Vale to start process of taking superstack out of service
Shell of superstack to remain a part of Sudbury’s skyline for ‘years to come,’ company says
Vale says its one step closer to taking the superstack out of service at its Copper Cliff smelter complex.
The 380-metre high stack was built in 1970 to disperse sulphur gases and other byproducts of the smelting process away from the city.
In 2017, the company started building two smaller, more energy-efficient stacks, with the intent of replacing the superstack.
The company says it has completed the final tie-in of the flue systems to the new stacks. It adds it's also taken its copper stack out of service at the Copper Cliff smelter complex during planned maintenance. As a result, the company says it can "complete the process of taking the superstack out of service."
"Completing this process of taking the superstack completely out of service is symbolic of Vale's evolution towards reducing our environmental footprint with innovative and more sustainable smelter operations," Dino Otranto, chief operating officer with Vale's North Atlantic Operations and Asian Refineries said in a release.
Vale says the two smaller stacks "will require far less energy to operate" than the superstack, and will reduce greenhouse gas emissions from the company's Copper Cliff smelter by "approximately 40 per cent."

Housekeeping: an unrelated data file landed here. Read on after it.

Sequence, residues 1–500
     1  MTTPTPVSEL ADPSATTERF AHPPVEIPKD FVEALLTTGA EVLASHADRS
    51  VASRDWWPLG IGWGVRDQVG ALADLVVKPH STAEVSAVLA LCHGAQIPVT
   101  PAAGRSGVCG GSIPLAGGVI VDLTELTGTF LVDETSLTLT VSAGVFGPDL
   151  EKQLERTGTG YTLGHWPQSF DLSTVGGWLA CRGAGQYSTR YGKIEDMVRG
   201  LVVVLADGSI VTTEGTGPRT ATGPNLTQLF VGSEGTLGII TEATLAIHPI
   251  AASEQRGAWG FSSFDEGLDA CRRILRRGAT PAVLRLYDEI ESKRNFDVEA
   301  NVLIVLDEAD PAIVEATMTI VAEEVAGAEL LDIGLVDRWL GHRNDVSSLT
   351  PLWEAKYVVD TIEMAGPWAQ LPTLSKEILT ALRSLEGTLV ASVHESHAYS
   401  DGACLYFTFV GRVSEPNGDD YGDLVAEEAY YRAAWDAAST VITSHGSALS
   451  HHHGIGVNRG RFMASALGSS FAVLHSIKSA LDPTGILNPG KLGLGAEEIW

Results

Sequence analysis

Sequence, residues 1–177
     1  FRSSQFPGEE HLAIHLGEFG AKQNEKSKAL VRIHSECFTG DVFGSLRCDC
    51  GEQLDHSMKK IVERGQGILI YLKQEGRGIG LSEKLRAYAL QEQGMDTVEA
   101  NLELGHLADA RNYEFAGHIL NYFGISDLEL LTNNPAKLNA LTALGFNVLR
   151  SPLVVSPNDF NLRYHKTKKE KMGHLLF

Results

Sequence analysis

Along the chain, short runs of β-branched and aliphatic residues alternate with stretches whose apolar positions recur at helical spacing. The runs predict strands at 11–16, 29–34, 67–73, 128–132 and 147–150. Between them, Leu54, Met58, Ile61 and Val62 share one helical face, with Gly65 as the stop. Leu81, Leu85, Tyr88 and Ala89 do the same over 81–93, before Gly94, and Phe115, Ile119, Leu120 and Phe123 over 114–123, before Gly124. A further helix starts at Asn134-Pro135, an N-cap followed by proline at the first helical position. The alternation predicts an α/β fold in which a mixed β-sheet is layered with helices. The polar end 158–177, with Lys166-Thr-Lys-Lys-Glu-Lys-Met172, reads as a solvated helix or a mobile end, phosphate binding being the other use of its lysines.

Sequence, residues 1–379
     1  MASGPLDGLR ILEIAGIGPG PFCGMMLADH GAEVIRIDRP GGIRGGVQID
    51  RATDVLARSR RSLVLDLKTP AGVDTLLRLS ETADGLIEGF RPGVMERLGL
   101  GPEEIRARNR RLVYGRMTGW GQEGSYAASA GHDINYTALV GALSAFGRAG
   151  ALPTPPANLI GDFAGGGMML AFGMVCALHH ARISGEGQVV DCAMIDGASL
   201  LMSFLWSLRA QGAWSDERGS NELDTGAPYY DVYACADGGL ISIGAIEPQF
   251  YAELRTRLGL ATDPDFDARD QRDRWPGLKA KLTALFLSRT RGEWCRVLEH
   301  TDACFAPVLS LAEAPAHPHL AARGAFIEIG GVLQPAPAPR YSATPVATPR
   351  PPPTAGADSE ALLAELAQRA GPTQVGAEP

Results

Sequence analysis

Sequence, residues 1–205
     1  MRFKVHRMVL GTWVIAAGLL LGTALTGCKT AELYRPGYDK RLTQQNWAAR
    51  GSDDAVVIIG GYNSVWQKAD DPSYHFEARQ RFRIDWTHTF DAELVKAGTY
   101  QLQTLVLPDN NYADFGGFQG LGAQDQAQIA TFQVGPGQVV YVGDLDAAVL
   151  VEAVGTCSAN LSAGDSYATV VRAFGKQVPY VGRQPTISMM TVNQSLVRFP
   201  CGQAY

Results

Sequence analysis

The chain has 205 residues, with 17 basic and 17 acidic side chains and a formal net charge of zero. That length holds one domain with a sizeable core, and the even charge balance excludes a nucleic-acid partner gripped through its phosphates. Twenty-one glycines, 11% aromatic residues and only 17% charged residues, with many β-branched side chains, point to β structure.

It adds its Clean AER (atmospheric emissions reduction) project "will reduce particulate emissions by 40 per cent and dramatically reduce SO2 emissions by 85 per cent."
Superstack to stay standing
The company says the two stacks will result in natural gas consumption being cut nearly in half "from 94 million cubic metres per year to 48 million cubic metres per year."
"This savings is equivalent to the average fuel consumption of approximately 17,500 homes, or approximately 1/3 of all the households in Greater Sudbury," the company stated.
Vale says once testing is complete on the new stacks, the superstack will be taken out of service.
Crews will then work to remove the steel liner which the company says will take about two years to complete.
"There is no immediate need for the concrete shell to be demolished and it is expected to remain a part of the Sudbury skyline for several years to come," the company said.